But the beast that rises from the bottomless pit will battle, conquer, and kill them. The beast will represent the empire-based violent power of Satan (explored more in chapter 13). The dead bodies of the two witnesses are said to lie in the “great city that symbolically is called Sodom and Egypt, where their Lord was crucified.” See the big picture: the peoples, tribes, languages, and nations rejoice over the death of these witnesses. They hated how these witnesses tormented them — by their prophesying and by judgments that came from them. The church should take note: we live in a world where tolerance is the greatest virtue and psychological harm is the greatest sin.

The city in which their bodies lie is symbolically or spiritually called Sodom and Egypt, where the Lord was crucified. At this point, many uncover one specific referent for this city. Some understandably say it is Jerusalem — alluding to how Jerusalem is compared to Sodom (Jer. 23:14). Others say it is Rome since “the great city” elsewhere refers to Babylon, to which the first century referent is Rome. But we must remember that deciphering Egypt, Sodom, Babylon, the beasts as code for one specific referent fails to take these images seriously as images. If John’s intention is simply to say Rome or Jerusalem, he can say that. But instead, he’s drawing on a type and casting an image by describing the spiritual quality of a city that would kill God’s witnesses. It’s like Egypt which enslaved God’s people. It’s like Sodom which was full of sexual perversion and injustice. It’s like the city that killed the Lord Jesus. The point is not offer a coded referent to one city but to trace out a glove that fits the hand of any city that rejects God’s kingship, is sexually immoral, attacks God’s people, ignores the weak, and works injustice.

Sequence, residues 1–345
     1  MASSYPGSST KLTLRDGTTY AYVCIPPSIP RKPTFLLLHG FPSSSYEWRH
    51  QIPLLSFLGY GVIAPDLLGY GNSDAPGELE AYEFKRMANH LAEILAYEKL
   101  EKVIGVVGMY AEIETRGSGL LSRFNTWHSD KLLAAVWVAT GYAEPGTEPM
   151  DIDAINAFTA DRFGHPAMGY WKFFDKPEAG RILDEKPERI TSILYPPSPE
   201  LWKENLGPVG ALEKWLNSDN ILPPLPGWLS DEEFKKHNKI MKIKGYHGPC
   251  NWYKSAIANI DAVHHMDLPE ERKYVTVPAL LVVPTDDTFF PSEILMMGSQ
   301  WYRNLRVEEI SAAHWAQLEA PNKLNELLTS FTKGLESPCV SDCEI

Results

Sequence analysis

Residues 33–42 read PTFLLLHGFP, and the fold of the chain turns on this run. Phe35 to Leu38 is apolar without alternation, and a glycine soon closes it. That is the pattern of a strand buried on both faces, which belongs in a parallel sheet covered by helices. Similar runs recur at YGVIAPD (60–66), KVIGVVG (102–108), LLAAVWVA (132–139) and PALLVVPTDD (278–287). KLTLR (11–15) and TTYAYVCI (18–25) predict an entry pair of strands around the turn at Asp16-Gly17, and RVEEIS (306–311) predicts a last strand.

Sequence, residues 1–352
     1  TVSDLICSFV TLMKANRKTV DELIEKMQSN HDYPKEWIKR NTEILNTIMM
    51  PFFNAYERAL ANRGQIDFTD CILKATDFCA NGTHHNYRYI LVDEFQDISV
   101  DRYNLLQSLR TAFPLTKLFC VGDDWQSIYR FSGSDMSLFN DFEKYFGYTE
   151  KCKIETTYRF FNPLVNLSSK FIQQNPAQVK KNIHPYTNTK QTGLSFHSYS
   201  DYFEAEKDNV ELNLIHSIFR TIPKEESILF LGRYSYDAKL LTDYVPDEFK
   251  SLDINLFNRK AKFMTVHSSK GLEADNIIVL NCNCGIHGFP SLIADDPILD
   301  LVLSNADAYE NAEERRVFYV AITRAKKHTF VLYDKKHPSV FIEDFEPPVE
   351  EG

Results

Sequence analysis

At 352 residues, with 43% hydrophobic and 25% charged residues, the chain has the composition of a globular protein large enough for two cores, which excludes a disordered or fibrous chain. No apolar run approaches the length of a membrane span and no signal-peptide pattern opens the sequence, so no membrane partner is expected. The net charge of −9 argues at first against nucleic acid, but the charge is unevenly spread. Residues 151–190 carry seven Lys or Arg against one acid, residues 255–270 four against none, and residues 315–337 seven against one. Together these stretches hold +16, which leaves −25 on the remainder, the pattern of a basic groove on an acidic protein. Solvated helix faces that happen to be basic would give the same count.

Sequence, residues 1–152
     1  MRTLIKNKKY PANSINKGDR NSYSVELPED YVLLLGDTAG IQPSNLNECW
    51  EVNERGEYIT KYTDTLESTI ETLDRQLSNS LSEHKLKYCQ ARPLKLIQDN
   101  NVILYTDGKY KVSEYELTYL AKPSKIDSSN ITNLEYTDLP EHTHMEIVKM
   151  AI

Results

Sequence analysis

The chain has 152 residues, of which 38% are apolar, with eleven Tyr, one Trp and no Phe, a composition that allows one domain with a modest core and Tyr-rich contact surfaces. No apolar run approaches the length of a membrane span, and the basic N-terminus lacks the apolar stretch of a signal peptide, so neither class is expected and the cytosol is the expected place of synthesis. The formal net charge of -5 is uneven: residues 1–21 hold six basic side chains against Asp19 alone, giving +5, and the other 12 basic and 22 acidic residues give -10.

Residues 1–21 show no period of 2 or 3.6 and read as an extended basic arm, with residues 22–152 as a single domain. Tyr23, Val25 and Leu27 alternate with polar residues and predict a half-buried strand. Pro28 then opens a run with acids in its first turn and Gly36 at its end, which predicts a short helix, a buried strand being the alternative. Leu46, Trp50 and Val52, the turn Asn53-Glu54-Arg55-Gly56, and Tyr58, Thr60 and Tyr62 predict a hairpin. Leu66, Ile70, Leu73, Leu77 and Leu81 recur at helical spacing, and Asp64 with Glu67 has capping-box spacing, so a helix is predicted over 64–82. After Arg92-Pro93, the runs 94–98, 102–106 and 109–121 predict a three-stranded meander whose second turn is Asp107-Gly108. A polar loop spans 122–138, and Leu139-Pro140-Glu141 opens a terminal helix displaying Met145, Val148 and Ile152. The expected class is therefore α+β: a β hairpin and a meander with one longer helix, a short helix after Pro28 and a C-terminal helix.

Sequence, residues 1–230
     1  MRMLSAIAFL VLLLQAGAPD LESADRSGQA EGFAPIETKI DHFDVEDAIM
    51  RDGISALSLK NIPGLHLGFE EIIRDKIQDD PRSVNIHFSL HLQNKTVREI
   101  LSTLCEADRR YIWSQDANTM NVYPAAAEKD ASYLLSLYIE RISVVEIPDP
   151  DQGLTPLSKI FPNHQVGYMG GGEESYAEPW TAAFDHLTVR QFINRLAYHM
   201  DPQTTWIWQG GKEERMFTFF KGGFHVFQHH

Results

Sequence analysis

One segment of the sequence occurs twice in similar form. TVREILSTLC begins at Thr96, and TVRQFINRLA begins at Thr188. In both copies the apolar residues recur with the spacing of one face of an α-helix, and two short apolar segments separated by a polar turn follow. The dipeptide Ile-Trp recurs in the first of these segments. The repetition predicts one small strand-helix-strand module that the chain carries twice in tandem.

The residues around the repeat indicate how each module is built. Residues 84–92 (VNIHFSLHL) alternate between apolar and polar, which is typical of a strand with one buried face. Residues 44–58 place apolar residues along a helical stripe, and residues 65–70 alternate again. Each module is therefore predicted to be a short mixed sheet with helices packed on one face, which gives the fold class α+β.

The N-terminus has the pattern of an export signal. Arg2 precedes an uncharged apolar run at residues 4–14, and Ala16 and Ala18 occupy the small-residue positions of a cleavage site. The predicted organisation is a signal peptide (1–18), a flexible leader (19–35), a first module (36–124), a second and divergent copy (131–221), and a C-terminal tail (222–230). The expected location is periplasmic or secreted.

Despite being killed, after three and a half days, a breath of life from God enters them, they stand on their feet, terrifying the onlookers before ascending into heaven in a cloud (mixing imagery from Ezekiel 37:10, Daniel 7:13, and Acts 1:9). Remember: Revelation discloses a transcendent perspective — not plain descriptions of literal events — through a symbolic narrative. A couple of perspectives can be gleaned here. (1) As with chapter 7, the witnesses are protected not from tribulation but through tribulation as signified in their Christlike resurrection and ascension. (2) This vindicates the witnesses. Beale explains that “The persecutors… have now realized that the prophets’ announcement of judgment was not empty but will come to pass.” How God actually accomplishes this is a question that will be explored below.

A tenth of the city falls and 7,000 die in an earthquake after the ascension of the witnesses. Though this is the smallest fractional judgment, the result is astonishingly different than before: the rest were terrified and gave glory to the God of heaven. Elsewhere in Revelation, the gospel demands giving glory to God (14:6-7), but it does not happen (16:8-9).

Bauckham has pointed out that when the 7,000 are killed and the rest give glory to God, this is likely intended to image a reversal of Elijah’s situation in 1 Kings 19:14-18. Elijah complains that Israel is completely compromised by idolatry, so God promises that none except the 7,000 who haven’t bowed to Baal will escape the judgment brought by Hazael, Jehu, and Elisha, whom Elijah must anoint. But Revelation reverses this: 7,000 are killed in the earthquake, but the rest give glory to God. The point is likely not to predict a specific event in which there will be a mass repentance, but rather to emphasize to the church the value of their confident witness unto death. Not only will they be protected and vindicated, but their witness will not be fruitless. 

But why? What have “the rest” just seen that moves them to give glory to God? Bauckham looks back on church history to make a compelling argument that how martyrs die and how the church responds to persecution enables the world to clearly see the truth of Christ embodied in the church. 

 

“The symbolic narrative of 11:11-12 means not that the nations have to see the literal resurrection of the Christian martyrs before they are convinced of the truth of their witness, but that they have to perceive the martyrs’ participation in Christ’s triumph over death. In fact, the way that Christian martyrdom, in the earliest centuries of the church, impressed and won people to faith in the Christian God, was precisely thus. The martyrs were effective witnesses to the truth of the Gospel because their faith in Christ’s victory over death was so convincingly evident in the way they faced death and died.”